What a difference a week makes.
Last week, the news media focused on the minutiae of the primary-election horse race. This week, Americans have been forced to confront the coronavirus (COVID-19) pandemic.
For the nonprofit sector, the emergency becomes a double-barreled crisis: we are both victims and saviors. This is not an unfamiliar conundrum; there are frequent natural disasters that devastate one area or another. This nation’s charitable organizations – and, in particular, the social service agencies – are called upon over and over to respond with aid and assistance at the same time they must cope with the same destruction that cripples every person or entity in the disaster locale.
But the coronavirus emergency is bigger and deeper; it is poised to set off enormous social and financial disruption – immediately and worldwide.
It’s certainly, as described by the National Council of Nonprofits (NCN) in Nonprofits and Coronavirus, COVID-19, an “evolving situation with varied impacts around the world and across the states.” The first step for the sector is to assess – as much as possible at this early stage – the scope of the challenge. The next step is to collect and disseminate as much information as possible, and to encourage a robust discussion about how to cope, once again, with the dual victim/savior role. The third stage is to take action, especially for the most pressing matters including how to safeguard the workforce and what to do about large events coming up soon.
Unfortunately, time is of the essence, and these steps must be taken right away and at the same time.
Fortunately, though, there is already a robust body of information and resources – growing larger by the hour – available to the nation’s nonprofits to help them through the next difficult days, weeks, and months.
The following sources are among the many already online that include overviews and initial guidance as well as include valuable resource links:
- National Council of Nonprofits
On its website, NCN offers The Nonprofit Community Confronts the Coronavirus and Nonprofits and Coronavirus, COVID-19, suggesting several immediate steps including: meeting with staff about policies including sick leave, reviewing your business continuity and recovery plan (or creating one; see sample business continuity plan), and planning for working remotely (see links to free conferencing and remote-work tools).
There are Important links include also to (so far) nineteen state associations of nonprofits that “have been exchanging information they’re discovering about the fast-moving novel disease. After curating the best information about appropriate actions, they’re each tailoring the information and ideas specifically for nonprofits in their states, including information from their own state and local health officials when possible.”
Among the additional links is Nonprofit Insurance and COVID-19 (March 10, 2020) and Updates of COVID-19 Coronavirus and How to Respond (March 13, 2020)
In Coronavirus Response Resources for Nonprofits (March 4, 2020, updated March 11, 2020) Laura Pierce offers insights about key questions and issues, and offers links to information as well as to timely webinars including its “Resilient Fundraising Strategies and Alternatives to Meeting in Person.”
Bridgespan has updated its series titled 8 Steps to Managing Through Tough Times “with content to help inform the critical choices nonprofits and funders are making in the wake of COVID-19.” In COVID-19 Resources for Nonprofits and Funders, Bridgespan offers a “collection of online resources that offer valuable guidance on navigating the current times—both responding to the pandemic and preparing for the possibility of an economic downturn.”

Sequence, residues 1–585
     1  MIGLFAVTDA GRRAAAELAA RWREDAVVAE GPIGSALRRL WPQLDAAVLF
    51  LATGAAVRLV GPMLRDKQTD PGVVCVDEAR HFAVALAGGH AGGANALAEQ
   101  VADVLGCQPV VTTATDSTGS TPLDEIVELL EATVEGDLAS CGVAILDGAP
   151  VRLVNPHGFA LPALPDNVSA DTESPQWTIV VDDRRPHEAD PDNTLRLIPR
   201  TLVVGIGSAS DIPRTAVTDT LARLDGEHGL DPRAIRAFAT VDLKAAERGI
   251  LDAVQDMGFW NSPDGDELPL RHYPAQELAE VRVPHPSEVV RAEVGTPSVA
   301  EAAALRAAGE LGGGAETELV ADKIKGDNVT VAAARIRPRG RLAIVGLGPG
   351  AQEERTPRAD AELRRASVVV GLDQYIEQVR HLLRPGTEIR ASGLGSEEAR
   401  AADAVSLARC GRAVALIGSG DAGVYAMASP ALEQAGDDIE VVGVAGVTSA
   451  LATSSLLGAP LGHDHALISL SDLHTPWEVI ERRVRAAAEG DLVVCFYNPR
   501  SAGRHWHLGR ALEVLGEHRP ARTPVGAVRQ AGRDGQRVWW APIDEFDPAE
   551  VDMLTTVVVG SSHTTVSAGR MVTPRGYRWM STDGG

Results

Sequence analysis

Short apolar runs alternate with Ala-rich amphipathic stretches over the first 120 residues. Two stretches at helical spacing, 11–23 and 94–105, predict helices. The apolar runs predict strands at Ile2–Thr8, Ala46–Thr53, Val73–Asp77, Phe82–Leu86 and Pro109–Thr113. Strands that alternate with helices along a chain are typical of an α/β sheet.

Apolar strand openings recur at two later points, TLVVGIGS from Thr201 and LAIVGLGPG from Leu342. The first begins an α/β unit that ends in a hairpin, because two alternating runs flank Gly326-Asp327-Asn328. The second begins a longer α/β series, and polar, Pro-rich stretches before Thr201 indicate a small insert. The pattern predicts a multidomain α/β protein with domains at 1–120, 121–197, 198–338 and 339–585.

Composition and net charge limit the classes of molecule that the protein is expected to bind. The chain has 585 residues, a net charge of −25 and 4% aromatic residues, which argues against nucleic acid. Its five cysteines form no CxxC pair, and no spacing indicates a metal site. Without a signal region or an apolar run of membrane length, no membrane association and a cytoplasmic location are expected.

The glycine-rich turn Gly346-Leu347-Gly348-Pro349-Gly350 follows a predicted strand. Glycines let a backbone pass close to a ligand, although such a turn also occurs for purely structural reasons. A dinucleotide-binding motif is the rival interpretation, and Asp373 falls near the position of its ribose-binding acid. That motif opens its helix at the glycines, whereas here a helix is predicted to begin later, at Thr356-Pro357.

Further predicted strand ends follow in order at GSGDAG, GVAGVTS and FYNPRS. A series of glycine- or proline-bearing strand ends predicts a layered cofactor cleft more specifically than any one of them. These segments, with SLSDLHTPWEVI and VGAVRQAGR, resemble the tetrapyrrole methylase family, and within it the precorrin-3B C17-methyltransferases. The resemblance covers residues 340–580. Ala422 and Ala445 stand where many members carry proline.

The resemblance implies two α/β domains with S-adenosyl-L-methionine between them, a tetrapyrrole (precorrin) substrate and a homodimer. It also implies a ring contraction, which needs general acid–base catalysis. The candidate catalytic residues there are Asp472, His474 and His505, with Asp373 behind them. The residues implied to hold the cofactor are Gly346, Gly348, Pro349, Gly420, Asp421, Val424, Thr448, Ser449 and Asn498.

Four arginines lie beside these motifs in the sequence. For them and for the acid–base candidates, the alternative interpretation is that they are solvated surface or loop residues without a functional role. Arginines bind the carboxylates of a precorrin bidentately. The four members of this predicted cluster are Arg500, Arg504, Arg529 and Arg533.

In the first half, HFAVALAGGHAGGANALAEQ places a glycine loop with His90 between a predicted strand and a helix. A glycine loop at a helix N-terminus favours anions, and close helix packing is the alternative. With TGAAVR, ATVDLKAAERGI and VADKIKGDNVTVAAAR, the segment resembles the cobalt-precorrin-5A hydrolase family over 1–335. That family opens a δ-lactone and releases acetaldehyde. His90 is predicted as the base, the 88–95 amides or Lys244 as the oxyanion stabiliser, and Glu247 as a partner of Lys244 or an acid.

It also offers four valuable case studies of nonprofits in the Seattle area – ground zero for the pandemic outbreak in the United States – which had a few weeks’ head start on the issues which will now face nonprofits around the nation. See, for example, Report from Seattle: Jewish Family Service (3/12/2020) in which CEO Will Berkovitz discusses “building and using a crisis response team, figuring out how best to keep serving clients, making decisions during a crisis, and operating while conditions are changing rapidly.” According to Berkovitz, “There’s so much uncertainty. This is like white-water rafting in the fog.”
- The Chronicle of Philanthropy
In Responding to the Coronavirus Outbreak: Resources to Help Nonprofits (March 12, 2020), the Chronicle of Philanthropy staff have collected resource links on topics including: Coronavirus Advice for Nonprofit Leaders (March 9, 2020), How Nonprofits & Foundations Can Use Scenario Planning to Prepare for Coronavirus (March 2, 2020), and Nonprofit Resources for Remote Work During the Covid-19 (March 6, 2020).
Directors’ Duties in this Crisis
In Nonprofit Governance: Coronavirus and COVID-19 (March 11, 2020), Gene Takagi, Esq., reminds us that each nonprofit’s board of directors must “start asking questions about how” [the massive social and economic disruptions we’re just beginning to see] “will affect their organizations, beneficiaries, employees and volunteers, work cultures, programs, fundraising, events, meetings, businesses, investments, governance, management, and operations.” Directors must also consider how the organization will react and adapt consistent with “missions, values, and sustainability.”
These are not only program and mission issues; they are potential legal issues, too: the “… circumstances now are substantially different from last month, and each director must consider how that changes the care and attention an ordinarily prudent director would provide to their organization.”
In The Nonprofit Community Confronts the Coronavirus, the National Council of Nonprofits reminds us that “[a] community’s character is on display when a crisis hits.” Already, in our sector, “the emerging crisis is demonstrating humanity’s finer instincts.”